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last update:

14th Sep19

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listen: Carol DeVaughn at Poetic Voices

poetry favourites:
The National Gallery
The British Museum
Tate Modern
Tate Britain

and in the shop…
collection –
“Life Class”
Oversteps Books



After reading English and Art History at the University of Massachusetts, Amherst, Carol had an apprenticeship at the Metropolitan Museum of Art in New York City, where she studied museum practice, which included giving some tours on nineteenth century French painting and doing independent research on the relationship between Buddhist thought and Western art forms.
In 1970 she moved to London where she has lived and worked ever since, practising T’ai Chi as a dance/art form, a meditation, and a martial art; researching in the British Museum Reading Room and the V&A Library; doing life modelling for three years and, along the way, teaching English language and literature.
Since 2004 she has won prizes for her poetry, including a Bridport in 2012, and was long-listed in the National Poetry Competition 2011. She has been reciting poetry for charity since 1995. Her first poetry collection is Life Class, published by Oversteps Books in November 2018.

[on Life Class] … I loved the attitude of the life-class model – and many of the ekphrastic poems are masters of their genre.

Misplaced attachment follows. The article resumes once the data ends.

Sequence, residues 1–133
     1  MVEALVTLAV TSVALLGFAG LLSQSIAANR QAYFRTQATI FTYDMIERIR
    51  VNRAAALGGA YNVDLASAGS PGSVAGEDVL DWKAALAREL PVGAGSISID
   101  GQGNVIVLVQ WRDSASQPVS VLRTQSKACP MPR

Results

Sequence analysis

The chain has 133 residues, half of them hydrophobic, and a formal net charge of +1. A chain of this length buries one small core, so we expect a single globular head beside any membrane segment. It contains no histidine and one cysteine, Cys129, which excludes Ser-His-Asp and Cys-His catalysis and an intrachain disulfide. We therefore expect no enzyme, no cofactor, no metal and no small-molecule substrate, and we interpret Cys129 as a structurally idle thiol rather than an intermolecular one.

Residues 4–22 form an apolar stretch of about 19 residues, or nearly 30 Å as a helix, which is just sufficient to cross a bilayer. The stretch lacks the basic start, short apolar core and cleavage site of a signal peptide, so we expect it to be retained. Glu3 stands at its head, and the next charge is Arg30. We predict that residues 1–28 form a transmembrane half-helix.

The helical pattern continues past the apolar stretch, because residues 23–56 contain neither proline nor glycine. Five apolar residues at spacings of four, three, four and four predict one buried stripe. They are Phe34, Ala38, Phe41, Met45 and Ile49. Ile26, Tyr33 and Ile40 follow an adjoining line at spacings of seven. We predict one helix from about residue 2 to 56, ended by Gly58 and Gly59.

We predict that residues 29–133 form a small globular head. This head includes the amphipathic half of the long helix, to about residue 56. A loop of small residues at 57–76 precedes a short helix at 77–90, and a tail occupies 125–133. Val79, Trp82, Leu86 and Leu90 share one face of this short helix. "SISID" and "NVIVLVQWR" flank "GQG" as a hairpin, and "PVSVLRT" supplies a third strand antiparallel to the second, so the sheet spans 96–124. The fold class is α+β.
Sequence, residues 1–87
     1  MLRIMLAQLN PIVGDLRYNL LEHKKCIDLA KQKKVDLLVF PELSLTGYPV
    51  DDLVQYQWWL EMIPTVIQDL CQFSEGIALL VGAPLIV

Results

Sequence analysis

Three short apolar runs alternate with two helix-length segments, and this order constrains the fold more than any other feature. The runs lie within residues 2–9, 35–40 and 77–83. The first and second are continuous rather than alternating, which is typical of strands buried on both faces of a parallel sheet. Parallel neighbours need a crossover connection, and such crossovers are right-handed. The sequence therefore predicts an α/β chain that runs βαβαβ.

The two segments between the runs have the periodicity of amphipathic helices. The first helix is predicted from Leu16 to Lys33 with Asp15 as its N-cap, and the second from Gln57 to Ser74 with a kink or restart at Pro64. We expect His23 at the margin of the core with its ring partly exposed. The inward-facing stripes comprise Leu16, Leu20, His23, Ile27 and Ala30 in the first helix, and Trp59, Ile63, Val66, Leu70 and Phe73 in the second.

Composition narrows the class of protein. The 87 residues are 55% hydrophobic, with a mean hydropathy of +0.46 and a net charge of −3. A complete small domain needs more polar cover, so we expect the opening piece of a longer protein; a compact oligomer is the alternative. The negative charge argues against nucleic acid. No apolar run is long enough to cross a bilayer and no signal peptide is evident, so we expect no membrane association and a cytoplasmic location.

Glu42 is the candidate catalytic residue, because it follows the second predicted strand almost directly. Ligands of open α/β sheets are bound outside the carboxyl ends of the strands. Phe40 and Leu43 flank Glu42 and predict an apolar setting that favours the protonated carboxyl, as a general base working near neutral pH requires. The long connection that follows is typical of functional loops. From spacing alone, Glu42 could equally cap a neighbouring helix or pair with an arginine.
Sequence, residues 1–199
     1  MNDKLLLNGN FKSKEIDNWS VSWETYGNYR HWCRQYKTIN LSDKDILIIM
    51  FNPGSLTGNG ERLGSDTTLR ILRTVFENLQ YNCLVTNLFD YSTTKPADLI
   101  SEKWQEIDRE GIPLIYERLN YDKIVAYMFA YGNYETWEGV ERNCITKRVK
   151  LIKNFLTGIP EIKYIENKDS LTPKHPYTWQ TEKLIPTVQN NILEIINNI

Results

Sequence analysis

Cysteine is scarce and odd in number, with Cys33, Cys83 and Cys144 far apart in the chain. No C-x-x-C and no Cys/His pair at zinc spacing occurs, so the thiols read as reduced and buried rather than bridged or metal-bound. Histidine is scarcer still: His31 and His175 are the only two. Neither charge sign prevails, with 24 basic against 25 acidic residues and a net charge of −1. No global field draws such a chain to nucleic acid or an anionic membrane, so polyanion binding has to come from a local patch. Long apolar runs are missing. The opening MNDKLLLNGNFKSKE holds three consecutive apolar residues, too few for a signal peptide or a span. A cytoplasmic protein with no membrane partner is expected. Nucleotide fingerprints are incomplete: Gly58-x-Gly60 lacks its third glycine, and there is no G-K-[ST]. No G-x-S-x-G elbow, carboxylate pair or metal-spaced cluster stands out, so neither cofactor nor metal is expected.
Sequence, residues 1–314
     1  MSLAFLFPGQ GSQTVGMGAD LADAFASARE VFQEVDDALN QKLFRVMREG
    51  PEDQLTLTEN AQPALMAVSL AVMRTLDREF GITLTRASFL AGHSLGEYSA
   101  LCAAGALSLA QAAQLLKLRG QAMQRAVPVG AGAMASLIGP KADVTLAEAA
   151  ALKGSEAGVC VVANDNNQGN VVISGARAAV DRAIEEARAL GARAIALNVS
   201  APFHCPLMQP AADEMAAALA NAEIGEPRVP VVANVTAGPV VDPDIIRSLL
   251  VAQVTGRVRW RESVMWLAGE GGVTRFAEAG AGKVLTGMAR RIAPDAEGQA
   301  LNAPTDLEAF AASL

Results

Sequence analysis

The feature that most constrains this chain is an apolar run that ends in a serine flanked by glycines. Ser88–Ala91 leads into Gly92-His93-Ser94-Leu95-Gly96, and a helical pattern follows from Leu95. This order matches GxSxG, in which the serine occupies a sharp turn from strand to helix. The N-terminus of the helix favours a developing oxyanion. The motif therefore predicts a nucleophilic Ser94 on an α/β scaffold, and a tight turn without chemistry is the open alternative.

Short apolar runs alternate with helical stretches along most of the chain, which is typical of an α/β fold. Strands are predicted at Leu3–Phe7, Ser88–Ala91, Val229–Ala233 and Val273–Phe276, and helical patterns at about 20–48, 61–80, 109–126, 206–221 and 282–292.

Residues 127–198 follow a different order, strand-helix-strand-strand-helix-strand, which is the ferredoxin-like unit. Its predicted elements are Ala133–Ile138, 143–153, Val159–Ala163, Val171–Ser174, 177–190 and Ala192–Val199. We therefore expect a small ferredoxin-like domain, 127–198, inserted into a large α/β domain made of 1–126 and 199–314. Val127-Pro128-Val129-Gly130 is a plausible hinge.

Kay Syrad


… a remarkably assured first collection … an unusually attentive eye is married to considerable linguistic accuracy and grace. This is a collection that deserves to be widely read.


Carole Satyamurti


An enjoyable book, especially the life class poems. Wonderfully original.


Martyn Crucefix


Carol DeVaughn’s poetry has an intimate, almost prayerful quality whose effect is both to still and to invigorate the reader’s mind.
Rather than describing the visible world, DeVaughn deploys visual images to evoke precise feelings and atmospheres: the final sequence of poems is written from the point of view of a life-class model, from which DeVaughn makes an exacting spiritual discipline, compellingly original in expression as well as in perception.


Lesley Saunders


The ekphrastic poems gain depth from the personal experience of being the subject of art … this makes for an intriguing and thought-provoking examination of the art of looking.


D.A. Prince, London Grip, February 2019. Read Review


Michelangelo sculptures and van Gogh paintings become living tableaux; space, time and even the human body appear mutable and things are not as they seem … Over time her focus moves beyond the detail of her surroundings into a kind of reverie or meditation … An intriguing first collection.


Robin Houghton, The Frogmore Papers, Number 93


The title of Carol DeVaughn’s first collection, Life Class, embraces the range of the collection perfectly as these poems are studies in the art of observation of both the external world and the subtle shifts of thought and feeling experienced by the poet.


Anna Avebury, Ver Poets Poetry World, Summer 2019